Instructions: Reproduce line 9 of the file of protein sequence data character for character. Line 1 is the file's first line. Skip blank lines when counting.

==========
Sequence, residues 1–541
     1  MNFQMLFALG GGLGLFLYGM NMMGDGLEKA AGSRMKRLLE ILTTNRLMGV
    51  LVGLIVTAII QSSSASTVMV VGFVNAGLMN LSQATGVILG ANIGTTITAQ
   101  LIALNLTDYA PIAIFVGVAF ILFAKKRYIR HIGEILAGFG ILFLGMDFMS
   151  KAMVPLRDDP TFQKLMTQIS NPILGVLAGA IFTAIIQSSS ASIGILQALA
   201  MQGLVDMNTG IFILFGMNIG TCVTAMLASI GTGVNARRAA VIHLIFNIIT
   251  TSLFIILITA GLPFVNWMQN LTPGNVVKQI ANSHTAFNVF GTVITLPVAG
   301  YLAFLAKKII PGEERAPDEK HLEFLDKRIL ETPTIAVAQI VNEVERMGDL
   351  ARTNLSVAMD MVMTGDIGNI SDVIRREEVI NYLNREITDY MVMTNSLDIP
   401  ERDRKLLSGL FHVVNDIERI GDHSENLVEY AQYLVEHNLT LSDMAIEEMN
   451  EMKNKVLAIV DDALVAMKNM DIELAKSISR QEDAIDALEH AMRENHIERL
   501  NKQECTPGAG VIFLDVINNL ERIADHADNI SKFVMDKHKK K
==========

   351  ARTNLSVAMD MVMTGDIGNI SDVIRREEVI NYLNREITDY MVMTNSLDIP